Here’s my occasional post where I try to convince you that motorsports are cool. It’s high time for a preview of 2020 in the major series that you might catch as you’re flipping channels, wishing the NFL season were still going after the Superb Owl and the Prob Owl.
In an earlier version of this post, I tried to preview different changes coming to the various series, but it ended up being above the heads of non-motorsports fans. I’m going to try a different approach here, namely previewing the upcoming first races of each major series.
NASCAR Cup Series — Aerodynamic Chicken
First race: Daytona 500, February 17th, 2:30pm ET, FOX.
2020 is going to feel like a stop gap year for the renamed (again) NASCAR Cup Series. You will no longer have to worry about which title goes in front of “Cup Series,” as NASCAR has moved to a different sponsorship model that will hopefully make it more attractive for sponsors to commit. First up for the Cup Series is the race you’ve heard of, the Daytona 500, 500 miles for 200 laps on the 2.5-mile oval with high banking.
Unlike other tracks where the series tunes the cars at either 550 or 750 horsepower, cars at these longer superspeedways like Daytona have to be tuned down to 400 horsepower by way of restricting the airflow to the engine, which effectively limits the cars to 200 mph or slower. Anything more would be even more unsafe than it already is. What results is cars going full-throttle 100% of the time and a long, long game of “aerodynamic chicken.”
If the most famous words in motorsports really are “Gentlemen, start your engines,” the worst kept secret is that many fans watch primarily in order to see big crashes. With cars bunched up in the draft like a cycling peleton, any wrong move in the front can take 20+ cars out of the race.
Despite being a longstanding tradition as the first and biggest race of the year, the nature of Daytona being an “engine restricted” track means that many fans such as myself hold that Daytona isn’t the start of the “real” NASCAR season, a title that belongs to whichever race follows Daytona on the Cup schedule on a given year.
IndyCar — A New Hope
First race: Grand Prix of St. Petersburg, March 17th, 3:30pm ET, NBCSN.
Hey, Jason: did you hear the big baseball news? George Steinbrenner just bought Major League Baseball.
Tim, you gotta hear this: Steve Ballmer just bought the NBA.
George…um…Boeing bought the Air Force? Eh, that one didn’t work.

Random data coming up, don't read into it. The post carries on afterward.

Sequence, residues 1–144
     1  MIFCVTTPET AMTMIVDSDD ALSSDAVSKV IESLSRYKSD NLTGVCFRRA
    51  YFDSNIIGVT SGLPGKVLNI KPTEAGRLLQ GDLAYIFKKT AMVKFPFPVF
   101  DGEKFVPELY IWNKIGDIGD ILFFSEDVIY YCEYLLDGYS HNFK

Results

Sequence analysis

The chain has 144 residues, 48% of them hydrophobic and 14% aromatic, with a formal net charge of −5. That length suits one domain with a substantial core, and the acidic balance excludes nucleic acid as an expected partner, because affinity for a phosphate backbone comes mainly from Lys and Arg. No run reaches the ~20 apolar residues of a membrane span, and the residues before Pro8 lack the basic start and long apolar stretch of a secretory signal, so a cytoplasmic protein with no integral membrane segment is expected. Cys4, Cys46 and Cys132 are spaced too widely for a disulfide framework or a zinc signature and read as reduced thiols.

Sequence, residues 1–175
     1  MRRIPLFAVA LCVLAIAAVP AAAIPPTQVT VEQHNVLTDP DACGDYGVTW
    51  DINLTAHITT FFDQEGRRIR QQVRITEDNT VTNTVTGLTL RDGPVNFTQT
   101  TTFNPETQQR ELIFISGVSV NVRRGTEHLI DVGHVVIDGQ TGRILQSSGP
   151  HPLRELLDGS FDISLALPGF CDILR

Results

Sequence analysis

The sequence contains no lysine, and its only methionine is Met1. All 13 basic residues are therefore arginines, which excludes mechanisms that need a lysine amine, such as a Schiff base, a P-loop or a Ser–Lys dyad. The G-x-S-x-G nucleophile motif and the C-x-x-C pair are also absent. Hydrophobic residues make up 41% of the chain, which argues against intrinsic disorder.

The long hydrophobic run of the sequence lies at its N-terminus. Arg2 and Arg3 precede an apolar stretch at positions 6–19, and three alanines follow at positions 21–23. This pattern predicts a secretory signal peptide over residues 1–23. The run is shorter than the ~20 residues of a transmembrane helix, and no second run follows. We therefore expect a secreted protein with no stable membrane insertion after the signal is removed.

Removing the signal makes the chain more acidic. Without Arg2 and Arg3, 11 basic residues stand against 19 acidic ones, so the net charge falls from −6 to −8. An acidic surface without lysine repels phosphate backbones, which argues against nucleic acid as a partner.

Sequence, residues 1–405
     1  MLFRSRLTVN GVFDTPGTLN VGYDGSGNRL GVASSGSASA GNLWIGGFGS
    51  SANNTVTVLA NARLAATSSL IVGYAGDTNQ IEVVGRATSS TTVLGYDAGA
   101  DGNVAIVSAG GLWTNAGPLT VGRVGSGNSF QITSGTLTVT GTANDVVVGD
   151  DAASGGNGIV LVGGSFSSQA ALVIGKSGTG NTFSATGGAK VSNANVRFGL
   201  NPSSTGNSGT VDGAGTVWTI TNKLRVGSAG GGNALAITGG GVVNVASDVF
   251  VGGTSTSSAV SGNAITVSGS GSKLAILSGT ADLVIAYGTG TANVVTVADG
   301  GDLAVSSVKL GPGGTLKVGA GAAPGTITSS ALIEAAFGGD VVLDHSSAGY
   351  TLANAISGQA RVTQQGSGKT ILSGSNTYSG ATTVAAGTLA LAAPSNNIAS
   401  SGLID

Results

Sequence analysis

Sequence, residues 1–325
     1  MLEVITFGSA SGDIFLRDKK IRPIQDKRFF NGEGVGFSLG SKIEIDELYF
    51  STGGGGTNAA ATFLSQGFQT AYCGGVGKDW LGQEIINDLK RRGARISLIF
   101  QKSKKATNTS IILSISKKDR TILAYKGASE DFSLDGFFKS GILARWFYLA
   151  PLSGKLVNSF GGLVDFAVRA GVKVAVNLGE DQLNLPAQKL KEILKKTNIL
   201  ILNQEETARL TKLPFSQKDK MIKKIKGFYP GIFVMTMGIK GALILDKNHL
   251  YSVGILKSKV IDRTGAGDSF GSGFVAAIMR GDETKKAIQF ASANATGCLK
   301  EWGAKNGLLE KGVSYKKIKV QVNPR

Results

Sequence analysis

But this is how big the news of Roger Penske buying Indianapolis Motor Speedway and IndyCar really is. And if you’re vaguely aware that Roger Penske owns an IndyCar team, you might feel like this is a conflict of interest. How does a team owner also own the series and the track? It’s actually nothing new. Tony George, the previous head of IMS and IndyCar, also partly owns one of the race teams, and pretty much nothing out of line ever happened. The real question is what Penske is going to do with the track and the series going forward. Even at age 82, he shows no visible sign of slowing down and remains immensely more shrewd than IMS’ previous leadership.
The most noticeable change this year is the presence of cockpit aeroscreens for driver safety. They aren’t particularly beautiful, but human life is beautiful, and IndyCar rightly or wrongly has a poor safety reputation to deal with. In 2015, driver Justin Wilson died of blunt force trauma after a loose nose cone from another car struck him in the head while the car was at speed. The accident prompted accelerated development of cockpit protection across the world of open-cockpit racing. Formula One eventually settled on the “Halo.” IndyCar now will adopt the “Aeroscreen.” For purposes of this channel flippers’ guide, you now have an easy (but not foolproof) way of figuring out how to tell the difference between an IndyCar and a Formula 1 car: IndyCars have aeroscreens. F1 cars have halos (to be explained later).
First up for the IndyCar Series is the Firestone Grand Prix of St. Petersburg, which takes place for 110 laps around a 1.8-mile course through city streets and an airport runway. Since this isn’t a permanent race course, the tarmac really isn’t designed for these cars. They noticeably jump around, especially when crossing a paved railroad track! Runway paint also has noticeably less traction than normal pavement, which matters in the braking zone going into turn 1.
While I’m at it, can I give a shout-out to Conor Daly? He’s had a rough last few years, much not of his own doing (long story), but he’s always been positive, and he finally has nearly a full-time ride this year with Air Force sponsorship. And with the Air Force has come the best liveries (paint schemes) IndyCar has had in years. I’m not sarcastically playing up some Navy vs. Air Force rivalry with George here. There is no Navy IndyCar. You guys win. These designs are just spectacular.